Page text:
Bitadze has great size and is nimble for a player of his stature. While his defense is average at best, that won't be much of a problem next to Myles Turner, one of the best defensive centers in the league. He has the potential to be a versatile offensive player, between his shooting ability and pick-and-roll skills.
Miami Heat - Tyler Herro (13), KZ Okpala (32)
Herro projects as a great shooter and potentially versatile offensive threat, particularly if he can improve his ball handling. He's not a good defender, but still has good size and could be coached up into becoming a solid team defender. Okpala has a decent amount of potential as a playmaking wing with size, but he has a long way to go if he wants to reach his potential.
Milwaukee Bucks - NO PICKS
New York Knicks - RJ Barrett (3), Ignas Brazdeikis (47)
Barrett was the obvious choice for the Knicks after Zion Williamson and Ja Morant left the draft board, but just because he was drafted after those two that doesn't mean his star can't shine as brightly. Barrett has the potential to be one of the most dominant wing players in the league, between his excellent size as a shooting guard (6'7"), proficient playmaking talent and versatile offensive game. He'll need to tone down on the amount of low-quality shots he takes, but there's no reason Barrett can't become a beacon of hope for long-suffering Knicks fans.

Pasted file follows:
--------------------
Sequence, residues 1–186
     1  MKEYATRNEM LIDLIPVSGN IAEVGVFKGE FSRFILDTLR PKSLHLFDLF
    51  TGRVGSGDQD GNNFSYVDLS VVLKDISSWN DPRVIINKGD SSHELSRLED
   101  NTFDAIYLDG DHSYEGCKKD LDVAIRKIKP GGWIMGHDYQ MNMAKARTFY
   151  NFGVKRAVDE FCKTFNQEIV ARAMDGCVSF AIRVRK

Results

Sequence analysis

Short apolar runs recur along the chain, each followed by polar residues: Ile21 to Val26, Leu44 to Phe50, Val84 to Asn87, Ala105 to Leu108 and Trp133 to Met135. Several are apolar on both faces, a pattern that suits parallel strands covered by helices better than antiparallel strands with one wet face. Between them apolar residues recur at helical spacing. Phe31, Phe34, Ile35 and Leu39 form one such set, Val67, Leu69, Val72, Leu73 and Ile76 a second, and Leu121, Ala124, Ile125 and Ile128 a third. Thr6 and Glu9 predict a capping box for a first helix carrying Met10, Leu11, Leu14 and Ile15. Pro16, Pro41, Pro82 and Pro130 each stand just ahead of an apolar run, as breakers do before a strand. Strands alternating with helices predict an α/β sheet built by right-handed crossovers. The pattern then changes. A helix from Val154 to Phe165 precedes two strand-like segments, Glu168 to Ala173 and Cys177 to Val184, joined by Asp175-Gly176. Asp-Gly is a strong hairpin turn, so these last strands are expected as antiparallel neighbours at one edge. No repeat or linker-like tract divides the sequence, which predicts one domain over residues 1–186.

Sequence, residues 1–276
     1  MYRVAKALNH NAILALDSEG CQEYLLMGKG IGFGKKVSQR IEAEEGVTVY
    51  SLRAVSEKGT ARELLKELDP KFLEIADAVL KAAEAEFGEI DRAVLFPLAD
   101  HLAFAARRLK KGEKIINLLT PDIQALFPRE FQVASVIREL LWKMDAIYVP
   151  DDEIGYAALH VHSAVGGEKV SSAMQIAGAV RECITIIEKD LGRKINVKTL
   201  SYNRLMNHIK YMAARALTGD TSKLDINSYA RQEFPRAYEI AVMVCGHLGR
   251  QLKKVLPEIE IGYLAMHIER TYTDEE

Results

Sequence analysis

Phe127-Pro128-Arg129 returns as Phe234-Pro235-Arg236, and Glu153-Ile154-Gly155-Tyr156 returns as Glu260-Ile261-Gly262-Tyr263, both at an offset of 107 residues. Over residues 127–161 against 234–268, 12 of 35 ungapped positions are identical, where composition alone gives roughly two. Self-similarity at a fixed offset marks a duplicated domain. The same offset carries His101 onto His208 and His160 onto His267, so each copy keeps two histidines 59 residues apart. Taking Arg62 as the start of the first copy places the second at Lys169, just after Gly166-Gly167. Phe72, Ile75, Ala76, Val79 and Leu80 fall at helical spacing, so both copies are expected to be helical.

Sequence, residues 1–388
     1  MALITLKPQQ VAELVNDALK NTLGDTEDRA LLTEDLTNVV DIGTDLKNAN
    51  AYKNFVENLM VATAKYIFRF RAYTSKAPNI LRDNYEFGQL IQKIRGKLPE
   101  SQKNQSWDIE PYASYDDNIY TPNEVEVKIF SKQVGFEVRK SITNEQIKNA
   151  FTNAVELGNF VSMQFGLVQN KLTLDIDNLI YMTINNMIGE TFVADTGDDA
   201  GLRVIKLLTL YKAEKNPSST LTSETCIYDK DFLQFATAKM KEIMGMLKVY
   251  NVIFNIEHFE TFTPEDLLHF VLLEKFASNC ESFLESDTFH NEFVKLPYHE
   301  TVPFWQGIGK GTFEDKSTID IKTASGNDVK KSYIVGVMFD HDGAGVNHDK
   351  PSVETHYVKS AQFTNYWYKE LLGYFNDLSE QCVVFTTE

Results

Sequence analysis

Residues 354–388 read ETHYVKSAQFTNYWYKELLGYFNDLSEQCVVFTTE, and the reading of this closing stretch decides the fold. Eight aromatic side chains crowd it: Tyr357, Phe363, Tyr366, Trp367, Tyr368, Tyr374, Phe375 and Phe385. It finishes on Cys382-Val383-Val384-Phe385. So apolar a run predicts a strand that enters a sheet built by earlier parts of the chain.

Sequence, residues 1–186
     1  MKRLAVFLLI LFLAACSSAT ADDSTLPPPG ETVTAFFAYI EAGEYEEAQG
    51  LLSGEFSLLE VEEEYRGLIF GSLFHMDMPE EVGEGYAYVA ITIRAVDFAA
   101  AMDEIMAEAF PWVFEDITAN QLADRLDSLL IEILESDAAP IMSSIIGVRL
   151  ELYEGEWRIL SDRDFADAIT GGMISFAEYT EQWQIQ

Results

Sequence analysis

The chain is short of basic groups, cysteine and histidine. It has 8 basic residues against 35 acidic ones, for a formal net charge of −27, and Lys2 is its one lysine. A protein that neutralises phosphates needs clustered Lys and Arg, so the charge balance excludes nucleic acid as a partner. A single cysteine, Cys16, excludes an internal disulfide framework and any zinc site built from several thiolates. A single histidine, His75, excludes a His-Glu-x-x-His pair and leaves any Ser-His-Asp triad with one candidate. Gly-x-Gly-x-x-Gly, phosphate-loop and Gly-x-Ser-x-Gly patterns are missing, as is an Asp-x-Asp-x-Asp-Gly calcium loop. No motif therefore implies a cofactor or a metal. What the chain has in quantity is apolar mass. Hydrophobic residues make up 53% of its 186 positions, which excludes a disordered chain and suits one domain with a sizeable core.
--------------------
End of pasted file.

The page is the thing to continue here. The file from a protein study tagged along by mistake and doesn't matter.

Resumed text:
Orlando Magic - Chuma Okeke (16)
Okeke is a solid pickup as a great defender with solid size on the wing. However, the torn ACL he suffered during March Madness hurts his outlook as he will likely miss most, if not all, of the upcoming NBA season. Still, torn ACLs are not nearly as career threatening as they used to be, so hopefully he can make a full recovery and become a part of Orlando's rotation for years to come.
Philadelphia 76ers -Matisse Thybulle (20), Marial Shayok (54)
The 76ers are in need of depth, especially if they re-sign free agents Tobias Harris and Jimmy Butler. Thybulle has the potential to contribute right away as possibly the best defender in this year's draft. He knows his limits on offense and stays within himself, but he still is a weak offensive player that may end up being the next Andre Roberson. His lack of shooting makes it unlikely he sees many minutes next to starters like Butler, Ben Simmons, and Joel Embiid.
Toronto Raptors - Dewan Hernandez (59)
The Raptors' only pressing need is to re-sign superstar Kawhi Leonard. Hernandez could possibly see some action on the Raptors as a high-energy player, especially if injuries are a factor.